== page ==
Honors Theses


College of Arts and Sciences


College of Arts and Sciences


Department of Chemistry


Department of Chemistry


Bachelor of Arts



Document Type

Honors Thesis


Depressive symptoms can influence a variety of individual factors, including altruism and empathy. The nature of that relationship, however, is poorly understood. Cross-sectional studies examining the empathetic and altruistic abilities of people with varying levels of depressive symptoms have produced mixed results, as both the magnitude and direction of any correlations between empathy or altruism and depression are varied. Thus, we aimed to examine the impact of depressive symptoms on self-report measures of altruistic behavior and empathy. Using the Quick Inventory of Depressive Symptoms-Self Report (QIDS-SR) to measure depressive symptoms, the Interpersonal Reactivity Index (IRI) to measure empathy, and the Self-Report Altruism Scale (SRAS) to measure altruistic behavior, we administered a cross-sectional Qualtrics survey via Amazon Mechanical Turk (MTurk) to 369 participants to investigate what relationship depressive symptoms had with empathy and/or altruistic behavior. Our findings suggest that overall empathy and altruistic behavior have no relationship with depressive symptoms, but individual subscales of the IRI, including the Perspective Taking Subscale (PTS), which demonstrated a negative relationship with depressive symptoms, and the Personal Distress Subscale (PDS), which demonstrated a positive relationship. These findings suggest that some empathy processes may suffer a deficit in depressed patients, and that further research into these relationships is needed.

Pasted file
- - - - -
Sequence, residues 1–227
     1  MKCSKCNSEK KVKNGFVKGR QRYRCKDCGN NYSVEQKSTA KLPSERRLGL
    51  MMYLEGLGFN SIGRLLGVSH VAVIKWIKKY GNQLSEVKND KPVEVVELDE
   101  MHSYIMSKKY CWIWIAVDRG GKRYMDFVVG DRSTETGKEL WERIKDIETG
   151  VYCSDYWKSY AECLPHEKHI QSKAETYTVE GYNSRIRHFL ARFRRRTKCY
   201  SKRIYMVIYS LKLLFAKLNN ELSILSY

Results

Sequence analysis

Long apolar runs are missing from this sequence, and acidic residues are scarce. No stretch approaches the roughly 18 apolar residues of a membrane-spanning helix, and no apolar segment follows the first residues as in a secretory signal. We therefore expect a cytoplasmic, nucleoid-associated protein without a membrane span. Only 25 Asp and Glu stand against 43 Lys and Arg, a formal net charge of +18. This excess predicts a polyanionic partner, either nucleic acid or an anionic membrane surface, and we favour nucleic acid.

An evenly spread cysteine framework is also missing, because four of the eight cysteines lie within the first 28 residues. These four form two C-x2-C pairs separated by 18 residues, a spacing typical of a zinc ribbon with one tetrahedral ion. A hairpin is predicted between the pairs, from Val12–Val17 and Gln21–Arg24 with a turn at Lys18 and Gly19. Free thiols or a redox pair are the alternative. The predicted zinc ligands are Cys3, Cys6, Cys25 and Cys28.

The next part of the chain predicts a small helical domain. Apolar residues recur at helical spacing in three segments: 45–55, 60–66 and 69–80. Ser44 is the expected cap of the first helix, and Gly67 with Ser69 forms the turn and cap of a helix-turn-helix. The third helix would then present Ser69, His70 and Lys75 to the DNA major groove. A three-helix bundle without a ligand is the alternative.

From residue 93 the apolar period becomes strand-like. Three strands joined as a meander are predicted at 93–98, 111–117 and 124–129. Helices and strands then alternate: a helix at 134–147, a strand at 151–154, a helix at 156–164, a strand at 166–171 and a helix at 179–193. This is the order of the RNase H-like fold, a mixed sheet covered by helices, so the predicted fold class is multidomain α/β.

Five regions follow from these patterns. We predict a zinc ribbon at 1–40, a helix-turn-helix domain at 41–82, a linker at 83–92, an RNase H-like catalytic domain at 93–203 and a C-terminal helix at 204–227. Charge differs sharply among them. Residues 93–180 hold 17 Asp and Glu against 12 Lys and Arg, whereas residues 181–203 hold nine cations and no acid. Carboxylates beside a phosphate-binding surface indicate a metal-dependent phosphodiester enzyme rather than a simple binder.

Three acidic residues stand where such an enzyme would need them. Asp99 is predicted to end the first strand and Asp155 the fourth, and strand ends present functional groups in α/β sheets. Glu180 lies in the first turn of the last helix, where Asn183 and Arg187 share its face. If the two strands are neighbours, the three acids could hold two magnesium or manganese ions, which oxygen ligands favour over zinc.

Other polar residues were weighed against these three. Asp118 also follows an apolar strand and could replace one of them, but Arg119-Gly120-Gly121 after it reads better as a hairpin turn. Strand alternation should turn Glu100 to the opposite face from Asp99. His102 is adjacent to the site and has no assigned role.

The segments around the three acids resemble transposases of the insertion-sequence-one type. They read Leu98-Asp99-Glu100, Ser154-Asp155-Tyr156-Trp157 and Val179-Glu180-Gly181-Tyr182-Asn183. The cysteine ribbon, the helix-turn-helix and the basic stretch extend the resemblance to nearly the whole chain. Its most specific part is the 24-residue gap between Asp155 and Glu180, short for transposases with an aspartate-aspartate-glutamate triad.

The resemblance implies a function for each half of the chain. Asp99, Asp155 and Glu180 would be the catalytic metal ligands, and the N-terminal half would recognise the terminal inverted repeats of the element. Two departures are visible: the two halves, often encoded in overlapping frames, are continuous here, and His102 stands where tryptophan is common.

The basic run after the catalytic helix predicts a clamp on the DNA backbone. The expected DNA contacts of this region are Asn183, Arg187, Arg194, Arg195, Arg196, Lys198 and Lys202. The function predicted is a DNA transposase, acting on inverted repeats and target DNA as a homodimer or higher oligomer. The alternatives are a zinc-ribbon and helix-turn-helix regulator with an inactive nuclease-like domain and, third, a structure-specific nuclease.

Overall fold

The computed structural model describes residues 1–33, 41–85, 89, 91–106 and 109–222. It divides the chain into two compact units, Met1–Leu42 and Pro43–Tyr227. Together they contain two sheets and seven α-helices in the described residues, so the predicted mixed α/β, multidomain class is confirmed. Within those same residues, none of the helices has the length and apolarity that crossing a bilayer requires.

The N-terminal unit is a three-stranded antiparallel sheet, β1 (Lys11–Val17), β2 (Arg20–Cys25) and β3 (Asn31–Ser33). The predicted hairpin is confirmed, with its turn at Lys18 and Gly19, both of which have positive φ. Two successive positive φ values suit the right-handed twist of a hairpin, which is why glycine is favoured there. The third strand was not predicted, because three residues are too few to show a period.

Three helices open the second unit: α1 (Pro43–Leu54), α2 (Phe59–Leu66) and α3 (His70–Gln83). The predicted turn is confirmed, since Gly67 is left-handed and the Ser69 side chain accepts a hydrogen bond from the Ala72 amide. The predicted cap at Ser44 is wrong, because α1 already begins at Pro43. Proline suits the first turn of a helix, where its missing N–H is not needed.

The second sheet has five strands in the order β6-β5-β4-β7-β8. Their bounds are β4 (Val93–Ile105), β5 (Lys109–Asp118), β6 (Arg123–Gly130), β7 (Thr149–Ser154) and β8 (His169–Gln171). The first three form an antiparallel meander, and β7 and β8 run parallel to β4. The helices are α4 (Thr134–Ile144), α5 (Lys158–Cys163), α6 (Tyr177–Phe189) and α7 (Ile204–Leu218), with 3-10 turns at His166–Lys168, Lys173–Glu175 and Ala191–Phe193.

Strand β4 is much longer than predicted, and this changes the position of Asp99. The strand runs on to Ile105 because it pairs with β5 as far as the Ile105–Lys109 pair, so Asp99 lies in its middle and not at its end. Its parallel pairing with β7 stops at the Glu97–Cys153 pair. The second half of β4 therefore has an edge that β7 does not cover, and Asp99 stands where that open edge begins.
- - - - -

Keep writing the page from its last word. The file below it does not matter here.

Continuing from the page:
Publication Date


First Advisor

McKinney, Clifford

Second Advisor

Winer, Samuel

Third Advisor

Collins, Amanda